SolarCity's fund raising a concern amid slowing growth

(Reuters) - SolarCity Corp's SCTY.O shares plunged on Wednesday as investors worried about the company's ability to raise funds amid slowing growth in rooftop solar panel installations.

Shares of SolarCity, backed by Tesla Motors CEO Elon Musk, slumped as much as 31 percent to their lowest in nearly three years, a day after the company said it installed fewer-than-expected solar systems for the second straight quarter.

SolarCity lets homeowners avoid the hefty upfront cost of installing solar systems by allowing them to make low monthly payments for about 20 years.

While this model has helped the company boost installations by eight-fold in three years, it has also increased costs and strained its ability to generate cash.

The company has said it wants to slow its pace of growth to turn cash-flow positive by the end of the year.

But the company’s “hunger for new capital” remains a concern, J.P. Morgan analysts wrote in a note. The brokerage and eight others cut their price targets on SolarCity shares on Wednesday.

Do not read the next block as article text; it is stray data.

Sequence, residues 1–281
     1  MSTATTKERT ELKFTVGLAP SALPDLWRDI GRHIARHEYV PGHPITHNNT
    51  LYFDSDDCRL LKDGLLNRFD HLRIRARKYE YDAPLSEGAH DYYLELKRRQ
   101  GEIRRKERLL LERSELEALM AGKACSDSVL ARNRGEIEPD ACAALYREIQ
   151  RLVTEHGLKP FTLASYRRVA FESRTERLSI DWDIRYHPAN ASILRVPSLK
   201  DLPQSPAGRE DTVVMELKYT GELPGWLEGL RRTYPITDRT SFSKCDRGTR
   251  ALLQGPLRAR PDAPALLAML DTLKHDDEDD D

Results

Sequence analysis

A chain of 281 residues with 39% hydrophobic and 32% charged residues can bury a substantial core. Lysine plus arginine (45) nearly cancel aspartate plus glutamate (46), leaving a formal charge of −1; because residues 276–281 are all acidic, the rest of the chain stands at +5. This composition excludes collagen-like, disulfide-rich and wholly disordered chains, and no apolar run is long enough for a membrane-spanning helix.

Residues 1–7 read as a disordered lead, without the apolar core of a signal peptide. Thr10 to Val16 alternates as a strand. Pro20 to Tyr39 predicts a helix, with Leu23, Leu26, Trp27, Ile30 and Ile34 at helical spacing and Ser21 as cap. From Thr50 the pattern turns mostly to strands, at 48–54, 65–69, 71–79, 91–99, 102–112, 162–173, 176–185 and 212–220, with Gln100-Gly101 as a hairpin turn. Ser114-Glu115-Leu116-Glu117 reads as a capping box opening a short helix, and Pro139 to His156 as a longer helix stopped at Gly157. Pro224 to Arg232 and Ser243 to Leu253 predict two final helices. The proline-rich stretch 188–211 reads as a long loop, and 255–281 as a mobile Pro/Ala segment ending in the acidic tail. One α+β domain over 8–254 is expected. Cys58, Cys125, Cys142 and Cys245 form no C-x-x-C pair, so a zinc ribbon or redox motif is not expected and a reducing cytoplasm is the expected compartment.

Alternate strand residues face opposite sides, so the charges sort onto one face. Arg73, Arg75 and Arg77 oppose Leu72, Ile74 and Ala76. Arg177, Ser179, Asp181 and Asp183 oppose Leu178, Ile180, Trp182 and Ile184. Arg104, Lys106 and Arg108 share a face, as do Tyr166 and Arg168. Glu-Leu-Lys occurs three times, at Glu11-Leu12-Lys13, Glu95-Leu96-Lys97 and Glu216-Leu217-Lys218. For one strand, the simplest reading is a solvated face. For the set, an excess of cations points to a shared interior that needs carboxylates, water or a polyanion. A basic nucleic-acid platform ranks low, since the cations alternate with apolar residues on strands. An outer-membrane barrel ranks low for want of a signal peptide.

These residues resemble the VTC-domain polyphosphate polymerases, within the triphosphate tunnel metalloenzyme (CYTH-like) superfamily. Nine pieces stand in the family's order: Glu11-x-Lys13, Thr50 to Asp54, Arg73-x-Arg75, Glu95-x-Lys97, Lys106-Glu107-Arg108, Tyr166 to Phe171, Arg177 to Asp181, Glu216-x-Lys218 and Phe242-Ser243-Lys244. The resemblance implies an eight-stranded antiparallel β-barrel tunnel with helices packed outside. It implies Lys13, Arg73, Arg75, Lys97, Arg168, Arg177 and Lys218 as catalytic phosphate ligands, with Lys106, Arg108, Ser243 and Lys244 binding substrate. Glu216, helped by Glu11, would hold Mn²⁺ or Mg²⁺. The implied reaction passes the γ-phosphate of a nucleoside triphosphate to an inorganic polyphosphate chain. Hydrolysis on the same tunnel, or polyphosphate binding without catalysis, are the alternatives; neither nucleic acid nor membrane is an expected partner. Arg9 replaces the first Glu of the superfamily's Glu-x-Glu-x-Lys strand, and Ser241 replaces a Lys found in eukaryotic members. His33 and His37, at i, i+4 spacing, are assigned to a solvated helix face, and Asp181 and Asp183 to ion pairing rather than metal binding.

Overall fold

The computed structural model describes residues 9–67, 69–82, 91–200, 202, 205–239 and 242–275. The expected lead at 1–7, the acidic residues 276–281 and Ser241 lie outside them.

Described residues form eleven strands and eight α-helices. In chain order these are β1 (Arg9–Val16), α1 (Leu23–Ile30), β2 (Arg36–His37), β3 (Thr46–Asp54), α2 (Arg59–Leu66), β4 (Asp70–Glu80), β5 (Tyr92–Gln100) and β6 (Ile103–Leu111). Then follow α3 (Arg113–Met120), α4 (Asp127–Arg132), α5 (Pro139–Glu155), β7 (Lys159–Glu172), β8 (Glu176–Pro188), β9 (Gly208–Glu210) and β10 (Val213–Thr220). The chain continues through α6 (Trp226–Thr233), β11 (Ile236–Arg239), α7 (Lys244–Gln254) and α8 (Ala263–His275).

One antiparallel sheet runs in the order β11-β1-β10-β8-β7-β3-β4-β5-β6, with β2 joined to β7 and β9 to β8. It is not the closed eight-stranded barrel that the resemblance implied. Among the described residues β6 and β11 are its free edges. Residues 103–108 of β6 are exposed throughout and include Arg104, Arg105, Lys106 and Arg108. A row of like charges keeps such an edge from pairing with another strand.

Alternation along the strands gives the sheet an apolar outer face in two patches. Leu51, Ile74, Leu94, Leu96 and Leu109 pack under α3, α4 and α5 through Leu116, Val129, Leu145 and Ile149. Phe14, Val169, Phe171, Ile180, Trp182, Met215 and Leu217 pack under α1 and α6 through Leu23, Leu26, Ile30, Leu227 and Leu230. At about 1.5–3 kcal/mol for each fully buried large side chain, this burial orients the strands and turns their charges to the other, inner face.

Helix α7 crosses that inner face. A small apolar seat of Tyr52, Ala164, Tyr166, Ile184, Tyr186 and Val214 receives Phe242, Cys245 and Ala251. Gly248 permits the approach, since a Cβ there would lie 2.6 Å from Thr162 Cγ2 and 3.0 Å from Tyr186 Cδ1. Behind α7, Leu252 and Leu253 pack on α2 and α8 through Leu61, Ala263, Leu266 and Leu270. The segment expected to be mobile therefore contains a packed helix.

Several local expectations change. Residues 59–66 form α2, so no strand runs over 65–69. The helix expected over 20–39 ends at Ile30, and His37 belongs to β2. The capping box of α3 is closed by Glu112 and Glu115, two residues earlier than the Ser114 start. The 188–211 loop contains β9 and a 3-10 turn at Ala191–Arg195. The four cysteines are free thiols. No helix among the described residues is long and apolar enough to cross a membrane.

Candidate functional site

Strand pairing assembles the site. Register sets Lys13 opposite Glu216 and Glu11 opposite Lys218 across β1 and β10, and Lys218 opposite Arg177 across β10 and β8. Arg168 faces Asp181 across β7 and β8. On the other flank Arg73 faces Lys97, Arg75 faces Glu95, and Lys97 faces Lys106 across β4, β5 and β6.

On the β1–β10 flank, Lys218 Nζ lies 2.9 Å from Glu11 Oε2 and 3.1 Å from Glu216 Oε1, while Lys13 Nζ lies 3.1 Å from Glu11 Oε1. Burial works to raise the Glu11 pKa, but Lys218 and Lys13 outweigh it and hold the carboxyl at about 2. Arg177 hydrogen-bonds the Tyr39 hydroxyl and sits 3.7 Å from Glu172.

SolarCity has been covering the cost of new installations by issuing asset-backed debt and through proceeds from tax equity deals, which allow investors to claim lucrative federal tax credits for solar energy systems.

The cost of raising capital, however, is increasing.

The yield on a $185 million private placement of the company’s residential loans in January was higher than the company’s previous offerings, indicating increased risk.

SolarCity requires about $3.2 billion in capital this year, of which about $600 million will likely come from asset-backed securities and asset monetization, according to analysts at Roth Capital Partners. The brokerage cut its rating on the stock to “neutral” from “sell.”

The fall in installations is even more worrying, analysts said, because it comes despite an extension of U.S. tax credits for solar projects beyond 2016.

“(The company’s forecast) is even more regrettable as the overall fundamentals for the residential solar sector continue to remain pretty solid,” said Portfolio manager Thiemo Lang of Zurich’s RobecoSAM.

“It might take time for them to regain trust. The current difficult stock markets just do not allow small misses.”

Up to Tuesday’s close, SolarCity shares had more than halved in value in the past 12 months, partly because a steep decline in oil prices is weighing on investor interest in all renewable energy stocks.

Reporting by Swetha Gopinath and Amrutha Gayathri in Bengaluru; Editing by Sayantani Ghosh and Saumyadeb Chakrabarty